For nine months, important details of policy changes aimed at restricting weapons and equipment supplied to either country were kept secret from MPs asking questions in Parliament.
But a senior civil servant who answered MPs' questions about Britain's arms export policy to both countries denied the guidelines created in 1984 were deliberately kept secret.
The Scott inquiry, set up to investigate British military exports to Iraq from 1984 up to the invasion of Kuwait in August 1990, began taking oral evidence yesterday. It is likely to be one of the widest-ranging judicial inquiries undertaken in Britain. John Major, Baroness Thatcher and senior government ministers are due to give evidence. The inquiry is expected to report by the end of the year.
The first witness, Sir Richard Luce, Foreign Office Minister of State from 1983 to 1985, described how it became increasingly difficult to defend government policy that only 'non-lethal' equipment could be sold. 'We wanted to get a sensible posture because the position of the last two or three years and the distinction between lethal and non-lethal had got increasingly difficult to defend.'
He told Presiley Baxendale, the inquiry counsel, that as pressure grew in Parliament and the press for tighter restrictions, he pushed for a more 'robust' policy to help 'beef up' the Government's line.
Sir Richard said that tighter guidelines were introduced. The key factor in approving exports was determined by whether the equipment prolonged or exacerbated the Iran-Iraq war. The policy was approved in December 1984 but not announced until October 1985. MPs asking questions during this time were not told the new guidelines fully. Sir Richard added that he could not recall why full answers were not given.
He had previously argued that it was 'essential' the guidelines were known. He had called for a public announcement and confidential briefings of selected MPs, press and allies.
Stephen Day, former head of the Foreign Office Middle East desk, told the inquiry that he understood the policy change would be allowed to 'trickle out in order to minimise controversy', instead of by public announcement. He claimed the controversy feared was that among Britain's Gulf allies angry with our stance.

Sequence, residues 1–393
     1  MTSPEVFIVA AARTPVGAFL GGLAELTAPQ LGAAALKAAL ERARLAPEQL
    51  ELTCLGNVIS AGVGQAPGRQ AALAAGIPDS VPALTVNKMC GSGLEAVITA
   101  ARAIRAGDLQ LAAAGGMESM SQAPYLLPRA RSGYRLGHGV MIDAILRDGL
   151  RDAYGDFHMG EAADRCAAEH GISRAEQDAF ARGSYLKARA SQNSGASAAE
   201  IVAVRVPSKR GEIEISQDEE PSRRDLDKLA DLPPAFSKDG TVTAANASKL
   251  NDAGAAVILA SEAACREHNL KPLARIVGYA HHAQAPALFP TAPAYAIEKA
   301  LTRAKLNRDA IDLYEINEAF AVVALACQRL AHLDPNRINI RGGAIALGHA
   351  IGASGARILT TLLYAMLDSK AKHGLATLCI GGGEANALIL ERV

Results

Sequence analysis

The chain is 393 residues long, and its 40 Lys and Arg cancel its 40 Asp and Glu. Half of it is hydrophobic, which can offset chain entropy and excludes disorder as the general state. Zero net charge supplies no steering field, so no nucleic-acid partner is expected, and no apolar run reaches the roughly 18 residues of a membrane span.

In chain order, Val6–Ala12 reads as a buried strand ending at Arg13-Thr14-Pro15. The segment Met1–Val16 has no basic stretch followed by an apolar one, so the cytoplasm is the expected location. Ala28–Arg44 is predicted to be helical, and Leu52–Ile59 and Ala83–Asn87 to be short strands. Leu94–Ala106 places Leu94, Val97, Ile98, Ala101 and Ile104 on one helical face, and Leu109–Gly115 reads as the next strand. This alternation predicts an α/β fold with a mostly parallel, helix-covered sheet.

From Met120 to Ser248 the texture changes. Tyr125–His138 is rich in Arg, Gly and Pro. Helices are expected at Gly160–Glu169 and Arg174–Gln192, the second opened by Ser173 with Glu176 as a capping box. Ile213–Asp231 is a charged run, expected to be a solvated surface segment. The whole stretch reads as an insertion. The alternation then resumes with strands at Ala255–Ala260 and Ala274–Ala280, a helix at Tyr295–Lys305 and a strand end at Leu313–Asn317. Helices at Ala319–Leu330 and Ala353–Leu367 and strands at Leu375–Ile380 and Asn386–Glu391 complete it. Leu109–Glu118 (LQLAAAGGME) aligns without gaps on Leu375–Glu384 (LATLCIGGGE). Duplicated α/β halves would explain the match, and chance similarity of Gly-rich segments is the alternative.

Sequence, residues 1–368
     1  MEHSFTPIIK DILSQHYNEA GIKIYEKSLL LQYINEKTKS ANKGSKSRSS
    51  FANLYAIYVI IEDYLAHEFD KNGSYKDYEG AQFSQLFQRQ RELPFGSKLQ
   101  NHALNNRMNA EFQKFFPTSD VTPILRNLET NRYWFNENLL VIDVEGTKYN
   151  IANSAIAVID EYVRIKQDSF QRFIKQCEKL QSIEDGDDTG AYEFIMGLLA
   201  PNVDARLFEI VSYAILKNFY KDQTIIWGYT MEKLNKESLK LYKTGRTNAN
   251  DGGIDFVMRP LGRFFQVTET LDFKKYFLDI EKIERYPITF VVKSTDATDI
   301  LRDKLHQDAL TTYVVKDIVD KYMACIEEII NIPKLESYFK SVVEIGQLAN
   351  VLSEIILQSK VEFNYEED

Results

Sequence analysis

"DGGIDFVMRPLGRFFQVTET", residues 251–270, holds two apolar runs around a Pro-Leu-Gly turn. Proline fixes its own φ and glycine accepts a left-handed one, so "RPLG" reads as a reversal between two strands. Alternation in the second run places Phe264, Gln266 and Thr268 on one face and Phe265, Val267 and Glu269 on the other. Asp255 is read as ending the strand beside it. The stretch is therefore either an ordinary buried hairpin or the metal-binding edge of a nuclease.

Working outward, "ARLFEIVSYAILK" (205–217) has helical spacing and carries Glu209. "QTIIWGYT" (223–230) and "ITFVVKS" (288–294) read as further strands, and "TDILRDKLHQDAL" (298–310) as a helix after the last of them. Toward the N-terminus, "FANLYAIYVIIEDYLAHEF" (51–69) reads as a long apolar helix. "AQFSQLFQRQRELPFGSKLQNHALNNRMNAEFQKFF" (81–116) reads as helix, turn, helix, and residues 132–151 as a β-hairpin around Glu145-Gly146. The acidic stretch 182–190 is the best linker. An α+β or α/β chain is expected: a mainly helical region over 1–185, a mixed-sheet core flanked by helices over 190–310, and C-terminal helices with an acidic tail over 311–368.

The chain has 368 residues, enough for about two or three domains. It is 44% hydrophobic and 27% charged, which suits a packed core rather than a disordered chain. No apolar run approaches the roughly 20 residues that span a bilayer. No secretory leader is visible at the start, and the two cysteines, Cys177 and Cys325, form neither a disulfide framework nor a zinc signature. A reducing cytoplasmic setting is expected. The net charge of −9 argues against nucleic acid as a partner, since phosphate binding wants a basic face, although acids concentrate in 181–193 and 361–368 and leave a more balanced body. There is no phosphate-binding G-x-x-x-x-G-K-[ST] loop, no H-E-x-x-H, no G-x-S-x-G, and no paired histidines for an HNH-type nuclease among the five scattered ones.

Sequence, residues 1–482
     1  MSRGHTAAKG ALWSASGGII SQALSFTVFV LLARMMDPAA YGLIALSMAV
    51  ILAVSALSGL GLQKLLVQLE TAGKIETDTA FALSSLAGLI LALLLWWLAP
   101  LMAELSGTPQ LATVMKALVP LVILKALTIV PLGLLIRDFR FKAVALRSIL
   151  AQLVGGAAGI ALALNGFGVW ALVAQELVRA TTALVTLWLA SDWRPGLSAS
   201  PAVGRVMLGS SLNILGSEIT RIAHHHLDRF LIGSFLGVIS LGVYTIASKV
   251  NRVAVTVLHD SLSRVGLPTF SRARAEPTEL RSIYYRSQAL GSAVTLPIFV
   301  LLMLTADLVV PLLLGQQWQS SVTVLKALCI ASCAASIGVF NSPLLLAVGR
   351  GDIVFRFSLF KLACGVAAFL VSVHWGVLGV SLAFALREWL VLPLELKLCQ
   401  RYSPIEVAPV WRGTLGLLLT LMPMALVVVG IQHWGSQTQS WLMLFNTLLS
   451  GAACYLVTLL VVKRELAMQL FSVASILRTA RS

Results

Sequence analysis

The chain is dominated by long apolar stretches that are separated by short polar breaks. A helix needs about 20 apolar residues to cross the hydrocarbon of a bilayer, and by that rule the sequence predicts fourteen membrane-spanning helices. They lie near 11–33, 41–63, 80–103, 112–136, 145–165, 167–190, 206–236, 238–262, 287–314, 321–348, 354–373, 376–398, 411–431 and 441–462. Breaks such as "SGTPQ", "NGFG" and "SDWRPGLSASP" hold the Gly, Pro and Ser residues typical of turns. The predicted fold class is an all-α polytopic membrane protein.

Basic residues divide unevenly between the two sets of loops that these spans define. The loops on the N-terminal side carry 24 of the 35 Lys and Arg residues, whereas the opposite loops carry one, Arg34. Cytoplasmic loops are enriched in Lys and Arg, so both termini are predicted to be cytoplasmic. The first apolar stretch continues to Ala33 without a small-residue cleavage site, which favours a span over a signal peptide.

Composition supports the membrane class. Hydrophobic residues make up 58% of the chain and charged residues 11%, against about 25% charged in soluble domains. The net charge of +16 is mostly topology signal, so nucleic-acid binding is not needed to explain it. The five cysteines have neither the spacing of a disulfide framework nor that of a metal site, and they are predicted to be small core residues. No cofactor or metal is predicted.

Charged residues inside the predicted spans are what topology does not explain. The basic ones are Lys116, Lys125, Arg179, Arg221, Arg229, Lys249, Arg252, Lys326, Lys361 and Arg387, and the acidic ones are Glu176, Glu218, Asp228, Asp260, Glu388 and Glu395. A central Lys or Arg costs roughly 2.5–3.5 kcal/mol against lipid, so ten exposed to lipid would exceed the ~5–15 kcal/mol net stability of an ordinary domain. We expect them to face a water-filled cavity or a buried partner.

He denied there was any intention to keep the change secret to avoid difficult parliamentary problems. He said MPs asking questions at Westminster were not told the full guidelines but were given a key phrase suggesting that policy had changed.
Mr Day denied the full guidelines were given out in October 1985 because it was 'politically expedient' as ministers expected a series of detailed questions about arms sales from the former Liberal leader Sir David Steel.
Sir Richard said that Britain was under enormous pressure to support Iraq against Iran, but took a neutral approach, 'just about the only country to do so'. That background 'led to the posture that we should sell non- lethal equipment to Iran and Iraq, but not lethal equipment'. There was a need for flexibility in interpreting the policy because of contractual obligations Britain had with Iran concerning the supply of weapons to the Shah's armed forces, he said. 'Were we not to fulfil those obligations we would be liable to compensate British industry to many millions of pounds,' he added.
The inquiry continues today.
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